But really, it’s not Kaepernick’s personal adventure that has generated a national debate. There is a growing backlash and possible boycott against the NFL, and millions are unhappy with the media’s exploitation of Kaepernick to pump up the phony Black Lives Matter movement.

It is not coincidental that this intense media showcasing of the BLM campaign against “police brutality” is happening 60 days before the Hillary-Trump showdown on November 8. It is essential to the Clinton campaign and the entire progressive agenda that the nation’s progress on equal rights be belittled and obscured in order to stoke the fires or racial resentment and mistrust. No candidate on the left can tolerate the acceptance of the truth about who is killing black youth in our inner cities.

Not surprisingly, the news media has chosen not to dwell on the embarrassing point that by the second week of Kaepernick “taking a knee,” only six NFL players out of a total of nearly 2000 players on 30 NFL teams had chosen to join the protest. A few more players may join each week, but players are not flocking to that parade.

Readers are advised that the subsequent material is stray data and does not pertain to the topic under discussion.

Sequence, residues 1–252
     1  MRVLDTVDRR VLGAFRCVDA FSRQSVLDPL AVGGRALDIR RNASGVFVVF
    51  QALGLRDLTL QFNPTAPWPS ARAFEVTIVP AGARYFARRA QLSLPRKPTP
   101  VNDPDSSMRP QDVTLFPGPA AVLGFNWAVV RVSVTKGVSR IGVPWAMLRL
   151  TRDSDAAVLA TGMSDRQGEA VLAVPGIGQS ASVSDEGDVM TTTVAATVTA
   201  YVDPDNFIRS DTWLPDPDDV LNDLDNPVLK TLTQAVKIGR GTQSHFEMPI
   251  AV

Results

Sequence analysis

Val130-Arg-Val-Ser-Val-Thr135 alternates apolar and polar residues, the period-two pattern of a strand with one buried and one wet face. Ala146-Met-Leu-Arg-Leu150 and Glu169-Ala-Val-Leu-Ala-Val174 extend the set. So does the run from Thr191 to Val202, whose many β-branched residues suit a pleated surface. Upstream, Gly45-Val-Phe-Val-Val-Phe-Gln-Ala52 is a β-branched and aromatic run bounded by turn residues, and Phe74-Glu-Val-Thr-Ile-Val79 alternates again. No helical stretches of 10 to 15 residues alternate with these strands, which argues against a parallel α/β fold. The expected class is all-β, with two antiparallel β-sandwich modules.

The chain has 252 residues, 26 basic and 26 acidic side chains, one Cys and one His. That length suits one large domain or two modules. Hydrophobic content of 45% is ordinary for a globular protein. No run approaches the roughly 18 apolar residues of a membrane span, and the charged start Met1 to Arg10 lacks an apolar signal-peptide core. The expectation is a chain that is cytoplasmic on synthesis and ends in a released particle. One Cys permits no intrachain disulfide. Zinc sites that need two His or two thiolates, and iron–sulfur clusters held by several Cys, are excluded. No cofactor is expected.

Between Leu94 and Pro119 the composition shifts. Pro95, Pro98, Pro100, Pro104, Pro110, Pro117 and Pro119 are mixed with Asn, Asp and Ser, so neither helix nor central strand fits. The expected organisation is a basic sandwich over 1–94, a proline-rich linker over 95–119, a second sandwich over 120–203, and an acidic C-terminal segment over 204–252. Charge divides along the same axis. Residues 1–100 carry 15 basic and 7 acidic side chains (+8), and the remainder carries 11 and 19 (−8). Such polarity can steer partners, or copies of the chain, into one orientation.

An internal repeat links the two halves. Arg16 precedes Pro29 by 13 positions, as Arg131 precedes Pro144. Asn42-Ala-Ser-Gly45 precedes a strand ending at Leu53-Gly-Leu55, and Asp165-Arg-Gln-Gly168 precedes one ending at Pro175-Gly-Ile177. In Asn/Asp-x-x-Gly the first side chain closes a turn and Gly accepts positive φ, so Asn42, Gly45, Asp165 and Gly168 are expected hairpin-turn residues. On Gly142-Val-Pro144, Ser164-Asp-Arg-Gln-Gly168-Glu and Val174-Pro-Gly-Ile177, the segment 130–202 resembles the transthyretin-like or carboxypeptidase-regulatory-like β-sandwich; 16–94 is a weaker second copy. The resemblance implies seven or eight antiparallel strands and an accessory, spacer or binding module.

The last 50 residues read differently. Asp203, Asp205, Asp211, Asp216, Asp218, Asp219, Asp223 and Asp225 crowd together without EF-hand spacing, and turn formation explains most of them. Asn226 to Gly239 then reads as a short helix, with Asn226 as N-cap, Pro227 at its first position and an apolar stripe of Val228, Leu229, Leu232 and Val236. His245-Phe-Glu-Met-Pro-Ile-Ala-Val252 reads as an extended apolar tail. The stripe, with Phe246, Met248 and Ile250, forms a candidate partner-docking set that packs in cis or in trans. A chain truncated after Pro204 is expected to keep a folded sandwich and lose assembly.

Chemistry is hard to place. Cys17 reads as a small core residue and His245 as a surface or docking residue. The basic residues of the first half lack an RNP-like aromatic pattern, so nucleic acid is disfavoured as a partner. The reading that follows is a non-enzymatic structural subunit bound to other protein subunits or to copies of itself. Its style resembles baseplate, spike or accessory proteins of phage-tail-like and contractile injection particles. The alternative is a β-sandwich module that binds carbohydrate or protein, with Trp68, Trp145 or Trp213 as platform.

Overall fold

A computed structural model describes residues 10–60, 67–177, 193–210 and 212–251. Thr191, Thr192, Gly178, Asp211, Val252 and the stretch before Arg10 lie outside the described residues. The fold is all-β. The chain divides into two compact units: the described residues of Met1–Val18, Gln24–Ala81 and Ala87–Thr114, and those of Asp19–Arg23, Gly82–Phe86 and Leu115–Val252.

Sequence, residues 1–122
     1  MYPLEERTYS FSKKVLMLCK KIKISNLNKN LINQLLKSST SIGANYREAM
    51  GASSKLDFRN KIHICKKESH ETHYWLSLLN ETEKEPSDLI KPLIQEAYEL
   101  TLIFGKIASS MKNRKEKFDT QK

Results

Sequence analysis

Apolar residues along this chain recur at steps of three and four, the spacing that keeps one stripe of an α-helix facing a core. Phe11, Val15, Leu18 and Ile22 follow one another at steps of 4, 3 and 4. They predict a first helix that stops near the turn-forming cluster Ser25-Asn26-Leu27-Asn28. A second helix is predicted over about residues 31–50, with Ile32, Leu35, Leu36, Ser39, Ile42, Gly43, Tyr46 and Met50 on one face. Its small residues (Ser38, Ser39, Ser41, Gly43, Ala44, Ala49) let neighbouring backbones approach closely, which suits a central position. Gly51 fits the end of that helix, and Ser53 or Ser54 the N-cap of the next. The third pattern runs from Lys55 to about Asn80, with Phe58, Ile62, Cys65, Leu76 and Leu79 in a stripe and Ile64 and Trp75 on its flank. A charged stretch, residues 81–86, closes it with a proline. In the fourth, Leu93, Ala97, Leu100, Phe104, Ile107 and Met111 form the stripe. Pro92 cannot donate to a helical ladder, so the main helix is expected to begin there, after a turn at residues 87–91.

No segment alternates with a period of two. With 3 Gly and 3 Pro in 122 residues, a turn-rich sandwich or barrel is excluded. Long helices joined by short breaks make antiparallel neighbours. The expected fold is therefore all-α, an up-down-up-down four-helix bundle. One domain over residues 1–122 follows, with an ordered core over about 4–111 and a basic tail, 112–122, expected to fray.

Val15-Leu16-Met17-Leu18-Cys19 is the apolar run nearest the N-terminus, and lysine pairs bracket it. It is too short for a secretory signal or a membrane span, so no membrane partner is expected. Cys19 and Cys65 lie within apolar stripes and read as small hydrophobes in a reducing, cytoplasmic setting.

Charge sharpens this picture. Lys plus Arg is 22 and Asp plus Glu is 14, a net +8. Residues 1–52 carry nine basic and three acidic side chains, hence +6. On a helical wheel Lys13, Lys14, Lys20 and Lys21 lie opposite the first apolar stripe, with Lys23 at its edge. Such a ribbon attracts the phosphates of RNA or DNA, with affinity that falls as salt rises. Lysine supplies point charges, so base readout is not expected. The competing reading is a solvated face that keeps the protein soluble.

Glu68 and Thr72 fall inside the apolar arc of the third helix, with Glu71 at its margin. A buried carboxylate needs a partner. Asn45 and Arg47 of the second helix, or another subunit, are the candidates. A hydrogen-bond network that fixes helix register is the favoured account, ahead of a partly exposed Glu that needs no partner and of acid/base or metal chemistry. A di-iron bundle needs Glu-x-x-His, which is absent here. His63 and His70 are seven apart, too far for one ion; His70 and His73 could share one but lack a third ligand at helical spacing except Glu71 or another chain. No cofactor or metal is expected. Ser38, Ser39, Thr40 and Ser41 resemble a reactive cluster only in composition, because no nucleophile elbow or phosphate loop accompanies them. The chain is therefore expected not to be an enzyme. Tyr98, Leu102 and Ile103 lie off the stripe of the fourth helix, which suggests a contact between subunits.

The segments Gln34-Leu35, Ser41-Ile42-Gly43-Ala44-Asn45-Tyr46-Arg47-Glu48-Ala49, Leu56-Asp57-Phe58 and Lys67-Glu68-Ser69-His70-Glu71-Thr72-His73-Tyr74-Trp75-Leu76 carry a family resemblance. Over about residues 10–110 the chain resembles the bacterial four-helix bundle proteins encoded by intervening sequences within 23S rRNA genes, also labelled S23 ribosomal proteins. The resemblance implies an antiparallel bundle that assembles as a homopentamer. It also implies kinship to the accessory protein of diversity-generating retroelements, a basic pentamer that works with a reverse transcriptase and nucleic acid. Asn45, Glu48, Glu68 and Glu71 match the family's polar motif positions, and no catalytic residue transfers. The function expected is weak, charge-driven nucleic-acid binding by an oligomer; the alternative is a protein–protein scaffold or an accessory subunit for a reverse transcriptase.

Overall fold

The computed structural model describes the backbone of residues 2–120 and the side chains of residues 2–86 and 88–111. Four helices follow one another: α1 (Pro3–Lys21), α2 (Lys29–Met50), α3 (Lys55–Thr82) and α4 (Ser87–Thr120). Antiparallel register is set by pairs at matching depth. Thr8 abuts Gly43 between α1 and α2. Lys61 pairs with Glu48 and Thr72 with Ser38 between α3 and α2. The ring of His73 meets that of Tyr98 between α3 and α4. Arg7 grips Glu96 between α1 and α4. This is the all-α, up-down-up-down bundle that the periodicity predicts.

Only the media hype is keeping the protest alive, and naturally, publicity hounds in other arenas will follow the media spotlight:

  • A state legislator in Missouri is refusing to stand for the morning pledge of allegiance; she will have her 15 minutes of fame.
  • A handful of high school and college athletes are showing the Black Panther fist salute at their games.
  • But considering the millions of youth engaged in team sports each week across America, the paucity of public support for Kaepernick is striking.

Yet, the charade must continue so the public remains distracted from the real culprit in urban minority communities today: the failed, corrupt Democrat political machines in our biggest cities. Baltimore, Detroit, Chicago, New York, St. Louis, Los Angeles– all are governed by Democrat politicians, not rural rednecks, and not the “vast rightwing conspiracy.”

Meanwhile, our pundits and network news narrators will continue to ignore the daily heroism of Chicago’s police force in confronting the horrendous carnage of the black-on-black street crime that has killed over 500 this year alone. Jesse Jackson, phone home: your conscience is MIA.